Comparison of a Direct and Indirect Method for Measuring Flavins- Assessing Flavin Status in Patients Receiving Total Parenteral Nutrition

J.S. Hamilton1, J.V. Woodside2, W.A. McIlveen1, M.C. McKinley2, I.S. Young*, 1, 2
1 epartment of Clinical Biochemistry, Royal Victoria Hospital, Grosvenor Road, Belfast BT12 6BA, UK
2 Nutrition and Metabolism Group, Centre for Clinical and Population Science, Queen’s University Belfast, Grosvenor Road, Belfast BT12 6BJ, UK

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© 2009 Hamiltonet al;

open-access license: This is an open access article distributed under the terms of the Creative Commons Attribution 4.0 International Public License (CC-BY 4.0), a copy of which is available at: This license permits unrestricted use, distribution, and reproduction in any medium, provided the original author and source are credited.

* Address correspondence to this author at the Nutrition and Metabolism Group, Centre for Clinical and Population, Queen’s University Belfast, Institute of Clinical Science, Grosvenor Road, Belfast BT12 6BJ, UK; E-mail:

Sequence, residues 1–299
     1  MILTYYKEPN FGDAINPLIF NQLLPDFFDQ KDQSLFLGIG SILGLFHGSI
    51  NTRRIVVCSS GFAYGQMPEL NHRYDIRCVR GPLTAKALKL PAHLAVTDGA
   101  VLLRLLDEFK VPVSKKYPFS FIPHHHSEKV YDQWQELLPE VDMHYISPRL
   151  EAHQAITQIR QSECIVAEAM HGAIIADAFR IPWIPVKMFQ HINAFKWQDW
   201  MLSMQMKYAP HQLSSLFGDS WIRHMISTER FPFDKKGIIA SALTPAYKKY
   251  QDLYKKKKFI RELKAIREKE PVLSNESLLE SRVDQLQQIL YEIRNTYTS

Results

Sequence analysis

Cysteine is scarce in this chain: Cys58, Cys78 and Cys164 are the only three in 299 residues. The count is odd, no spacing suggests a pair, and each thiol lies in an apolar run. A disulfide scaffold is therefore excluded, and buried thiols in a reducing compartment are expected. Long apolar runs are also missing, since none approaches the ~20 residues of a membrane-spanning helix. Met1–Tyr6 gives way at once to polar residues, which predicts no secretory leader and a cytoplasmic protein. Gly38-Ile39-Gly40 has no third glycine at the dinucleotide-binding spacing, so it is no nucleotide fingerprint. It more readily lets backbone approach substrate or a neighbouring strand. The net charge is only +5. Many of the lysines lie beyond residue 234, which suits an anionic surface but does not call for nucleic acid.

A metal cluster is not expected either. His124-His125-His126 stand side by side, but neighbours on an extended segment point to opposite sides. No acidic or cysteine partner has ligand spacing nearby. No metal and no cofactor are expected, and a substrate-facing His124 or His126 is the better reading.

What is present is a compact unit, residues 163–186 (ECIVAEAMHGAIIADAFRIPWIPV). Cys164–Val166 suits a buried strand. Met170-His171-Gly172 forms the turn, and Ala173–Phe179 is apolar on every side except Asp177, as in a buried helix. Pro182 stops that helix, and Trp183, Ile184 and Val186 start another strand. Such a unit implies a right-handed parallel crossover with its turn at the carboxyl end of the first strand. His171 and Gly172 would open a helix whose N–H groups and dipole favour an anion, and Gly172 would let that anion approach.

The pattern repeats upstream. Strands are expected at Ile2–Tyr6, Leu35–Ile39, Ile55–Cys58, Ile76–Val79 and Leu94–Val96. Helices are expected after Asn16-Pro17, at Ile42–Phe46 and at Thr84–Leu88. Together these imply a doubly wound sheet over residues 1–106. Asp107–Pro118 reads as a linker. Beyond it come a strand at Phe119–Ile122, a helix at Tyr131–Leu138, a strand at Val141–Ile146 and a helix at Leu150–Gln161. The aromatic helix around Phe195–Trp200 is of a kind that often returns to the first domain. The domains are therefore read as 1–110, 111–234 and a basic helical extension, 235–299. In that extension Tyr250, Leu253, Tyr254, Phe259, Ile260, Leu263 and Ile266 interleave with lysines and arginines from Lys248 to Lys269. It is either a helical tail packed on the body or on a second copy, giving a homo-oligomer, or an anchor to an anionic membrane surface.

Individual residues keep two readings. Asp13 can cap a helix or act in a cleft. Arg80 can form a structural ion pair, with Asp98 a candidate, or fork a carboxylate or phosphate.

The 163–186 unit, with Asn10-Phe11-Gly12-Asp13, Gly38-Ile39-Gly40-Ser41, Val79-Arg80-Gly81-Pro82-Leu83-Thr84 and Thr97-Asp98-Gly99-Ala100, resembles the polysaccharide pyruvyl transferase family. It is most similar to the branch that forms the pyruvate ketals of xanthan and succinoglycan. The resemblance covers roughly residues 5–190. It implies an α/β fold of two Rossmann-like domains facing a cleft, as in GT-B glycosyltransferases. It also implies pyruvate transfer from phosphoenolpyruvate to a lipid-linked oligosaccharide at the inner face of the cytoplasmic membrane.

Background: Riboflavin, flavin mononucleotide (FMN) and flavin adenine dinucleotide (FAD) are cofactors in oxidation-reduction reactions. The aim of this study was to compare a direct high performance liquid chromatography (HPLC) method with an indirect enzymatic method to assess flavin status and establish reference intervals. The HPLC method was used to assess prevalence of flavin deficiency in total parenteral nutrition (TPN) patients.

Method: Blood was obtained from 90 healthy volunteers and 51 TPN patients. Results for each method were compared using Spearmans Rank correlation. Results from reference groups and TPN patients were compared using Mann-Whitney U tests.

Results: Erythrocyte glutathione reductase activity coefficients (EGRAC) correlated with flavin levels measured by HPLC (p<0.001). HPLC was chosen for TPN samples analyses due to superior sensitivity. There was no significant difference between FAD and FMN levels in controls and TPN patients, although TPN patients had significantly higher levels of riboflavin than controls (p<0.001).

Conclusion: HPLC is superior to the EGRAC assay for assessing flavin status. Hyporiboflavinosis is not prevalent in TPN patients.